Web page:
In this post, I’ll explore how I did managed to make Llamalab’s Automate (Android) communicate with a Pebble watch application.

First, I will discuss some basic knowledge and expose my problem. Then I’ll talk more in depth about Pebble communication and finally expose the Automate part. So, go straight to the end for the technical part.

Pebble communication

In this article, I won’t go deep about the C application for the Pebble, please refer to Pebble’s tutorials. Just know that Pebble watch applications and Pebble Kit parts exchange messages of this kind : {0: 42, 1: “Hello world!”}.

On the Android side, all communications with the watch is handled by the Pebble app. Messages received from the watch can then be treated by Pebble Kit. There are several version of the Pebble Kit.

  • Pebble Kit iOS : but we don’t really care here.
  • Pebble Kit Android : for Android companion applications. It comes bundled as a JAR and sources are available on github. It allows you to integrate message exchanges between your Android application and the watch.
  • Pebble Kit JS : for JavaScript code ’embedded’ in your application. The code is executed by the Pebble (Time) application itself and allows HTTP / WebSocket communication + geo location.

The problem

My problem was that Pebble Kit JS (to my present knowledge, and as of version 3.8 of the SDK) is limited to HTTP/WS communication and geo location. Imagine, you just want to get updates of your phone’s battery level, you would need to post battery level to an HTTP server, then query this very same HTTP server to display the information on the watch … considering you have an Internet access or an embedded HTTP server.

The solutions

First solution, would be to use the Pebble Kit Android and develop and Android companion application. While all the tips and tricks required to handle system events are well described in Android documentations, it requires to much of my time to deal with it.

On the other side Llamalab’s Automate application has made me really happy handling the dirty work for me. In the mean time, Automate does not include any block allowing communication with the Pebble watch (at least not at the time I wrote this), and I don’t even know if it is planned.

Third solution would be to use Apache Cordova to develop and Android application and use the neat Pebble plugin developed by [tgardner]. I explored this solution, managed to exchange data between the a Pebble watch app and a Cordova app, but the fact that I needed to multiply the plugins to handle background process and system tasks, frightened me.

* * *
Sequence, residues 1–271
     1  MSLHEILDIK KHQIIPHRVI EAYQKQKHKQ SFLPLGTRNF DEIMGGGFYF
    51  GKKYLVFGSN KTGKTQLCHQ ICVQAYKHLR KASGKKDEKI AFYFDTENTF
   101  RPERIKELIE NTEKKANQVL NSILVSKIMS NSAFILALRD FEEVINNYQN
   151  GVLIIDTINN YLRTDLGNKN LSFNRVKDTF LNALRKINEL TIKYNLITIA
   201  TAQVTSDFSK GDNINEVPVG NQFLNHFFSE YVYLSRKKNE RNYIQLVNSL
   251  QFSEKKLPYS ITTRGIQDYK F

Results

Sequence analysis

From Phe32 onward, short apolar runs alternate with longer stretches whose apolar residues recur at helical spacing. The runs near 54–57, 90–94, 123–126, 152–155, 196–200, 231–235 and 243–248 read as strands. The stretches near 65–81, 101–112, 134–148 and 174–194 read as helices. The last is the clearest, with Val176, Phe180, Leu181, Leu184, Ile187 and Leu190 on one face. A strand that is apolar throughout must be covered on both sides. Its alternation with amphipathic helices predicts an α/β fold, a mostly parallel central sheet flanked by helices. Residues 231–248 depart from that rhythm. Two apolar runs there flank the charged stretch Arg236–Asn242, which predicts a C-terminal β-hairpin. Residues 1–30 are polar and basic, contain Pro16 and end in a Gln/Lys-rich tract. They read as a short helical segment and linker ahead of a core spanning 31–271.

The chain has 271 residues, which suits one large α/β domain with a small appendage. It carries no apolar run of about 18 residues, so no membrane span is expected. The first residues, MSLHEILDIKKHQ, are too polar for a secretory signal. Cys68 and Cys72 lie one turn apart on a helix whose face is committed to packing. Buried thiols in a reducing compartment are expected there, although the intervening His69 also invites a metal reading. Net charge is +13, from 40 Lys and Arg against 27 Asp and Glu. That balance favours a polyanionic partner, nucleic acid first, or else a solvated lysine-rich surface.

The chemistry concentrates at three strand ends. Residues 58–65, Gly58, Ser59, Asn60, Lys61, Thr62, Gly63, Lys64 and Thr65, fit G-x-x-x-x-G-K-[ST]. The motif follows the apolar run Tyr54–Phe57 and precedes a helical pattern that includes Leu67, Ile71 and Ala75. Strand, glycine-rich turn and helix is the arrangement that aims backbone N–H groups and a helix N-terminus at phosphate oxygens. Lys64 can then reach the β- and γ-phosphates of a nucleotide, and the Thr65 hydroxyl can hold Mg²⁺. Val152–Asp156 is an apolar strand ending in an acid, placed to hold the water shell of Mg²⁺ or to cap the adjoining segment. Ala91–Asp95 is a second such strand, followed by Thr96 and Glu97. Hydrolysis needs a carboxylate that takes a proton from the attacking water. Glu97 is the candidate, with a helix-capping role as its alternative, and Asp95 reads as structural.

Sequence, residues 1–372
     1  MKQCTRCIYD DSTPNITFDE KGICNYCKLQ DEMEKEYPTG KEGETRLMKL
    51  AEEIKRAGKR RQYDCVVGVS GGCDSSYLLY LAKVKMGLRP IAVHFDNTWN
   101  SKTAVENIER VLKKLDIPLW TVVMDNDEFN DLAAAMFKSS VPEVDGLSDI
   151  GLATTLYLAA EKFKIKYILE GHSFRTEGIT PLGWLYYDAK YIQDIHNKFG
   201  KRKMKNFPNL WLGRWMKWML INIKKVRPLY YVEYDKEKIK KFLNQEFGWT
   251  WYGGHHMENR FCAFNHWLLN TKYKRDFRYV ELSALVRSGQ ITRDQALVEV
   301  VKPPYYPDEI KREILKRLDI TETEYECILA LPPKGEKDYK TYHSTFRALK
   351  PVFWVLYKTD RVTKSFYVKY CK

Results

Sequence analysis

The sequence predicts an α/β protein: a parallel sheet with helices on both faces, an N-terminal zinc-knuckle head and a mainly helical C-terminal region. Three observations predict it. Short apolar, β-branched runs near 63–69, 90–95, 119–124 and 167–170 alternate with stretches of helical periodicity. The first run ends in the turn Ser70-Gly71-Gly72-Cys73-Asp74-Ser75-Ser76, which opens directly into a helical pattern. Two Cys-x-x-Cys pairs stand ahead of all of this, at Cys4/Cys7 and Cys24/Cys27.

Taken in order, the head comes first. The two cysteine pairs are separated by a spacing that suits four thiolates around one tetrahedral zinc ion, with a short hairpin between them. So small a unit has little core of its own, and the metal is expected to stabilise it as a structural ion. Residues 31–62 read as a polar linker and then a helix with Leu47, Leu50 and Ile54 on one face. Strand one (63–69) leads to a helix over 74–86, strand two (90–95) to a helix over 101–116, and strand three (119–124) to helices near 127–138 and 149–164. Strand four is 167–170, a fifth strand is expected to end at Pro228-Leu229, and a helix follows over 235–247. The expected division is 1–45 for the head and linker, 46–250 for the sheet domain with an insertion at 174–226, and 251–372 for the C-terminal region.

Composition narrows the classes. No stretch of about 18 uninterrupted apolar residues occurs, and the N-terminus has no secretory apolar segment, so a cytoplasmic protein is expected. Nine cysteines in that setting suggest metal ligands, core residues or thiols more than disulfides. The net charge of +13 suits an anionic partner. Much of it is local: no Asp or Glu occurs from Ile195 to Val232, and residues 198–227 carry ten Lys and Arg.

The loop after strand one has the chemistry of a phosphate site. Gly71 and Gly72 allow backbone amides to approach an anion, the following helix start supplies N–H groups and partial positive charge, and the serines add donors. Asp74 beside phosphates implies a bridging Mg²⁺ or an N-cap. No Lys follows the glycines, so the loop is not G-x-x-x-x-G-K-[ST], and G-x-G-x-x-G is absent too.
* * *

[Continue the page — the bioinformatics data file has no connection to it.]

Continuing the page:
So in the end, I decided to go for the Automate solution.

Communication with a Pebble watch app from Llamalab’s Automate

To post messages from Automate, you will need two things : understand how companion applications are supposed to communicate with the watch and forge the message in the correct format.

Talking to a Pebble watch application

To understand how companion application for Android are supposed to talk to a Pebble watch application I dug into the Pebble Kit Android sources (available on github). It appeared that all communications are handled through Android Intents.

When the Pebble application receives an intent with action type, it analyzes the ‘extra’ data and transfer the message to the specified watch application.

When the Pebble application receives a message from a watch application, it broadcasts an intent with action, and ‘extra’ data containing the message content.

A chance for us, Automate handles Intents broadcast (both receive and emit). You can see me coming.

Forge a message

Applications developed for the Pebble Time watch can communicate with your phone. Messages exchanged between watch and phone are a set of {key: data}, key being an int and data being either int, string or even binary data. In your applications these keys can be named (see Parameters tab in Cloud Pebble).

As an example, Pebble Kit JS uses the following JSON representation of a message : {0: 42, 1: “Hello world!”}.

While looking at messages received from Pebble watch application, I noticed that extra data are not in this format. To be passed to an intent, the message must be formatted as :

    key: 0,
    type: 'int',
    size: 4,
    value: 42
    key: 1,
    type: 'string',
    size: 0,
    value: "Hello world!"

The size of the int is very important. It allows to tell that the ‘int’ can be read as an “int8_t”, “int16_t” and “int32_t” in your watch application.

Sending a message from Automate

Once you know all of this, send a message from Automate is simple.

  • Add a “Broadcast send” block.
  • Pick receiver (optional) : “Pebble Time” > “…work.pebblekit.PebbleKitReceiver”.
  • Set action to :
  • Set extras to (the hard part on a phone keyboard) :
    {"transaction_id" as Int: -1, "uuid": "...", "msg_data" as String: "..."}
    • with uuid the uuid of your application,
    • and msg_data, a message forged for the Pebble Kit API in JSON, encoded to string.

For example, sending the {1: “Hello world!”} part of the message would give you :

{"transaction_id" as Int: -1, "msg_data" as String: "[\{\"key\":1,\"type\":\"string\",\"length\":0,\"value\":\"Hello world!\"}]", "uuid": "69db10f6-4209-498b-b7c3-8e2a767b0e25"}

Take care of the backslash at \{\”key. In fact Automate uses curly braces to substitute variables. For example, I use the following ‘extra’ data to send text contained in a variable named text :

{"transaction_id" as Int: -1, "msg_data" as String: "[\{\"key\":1,\"type\":\"string\",\"length\":0,\"value\":\"{text}\"}]", "uuid": "69db10f6-4209-498b-b7c3-8e2a767b0e25"}

It’s been a very long post, but I hope it will be of any help.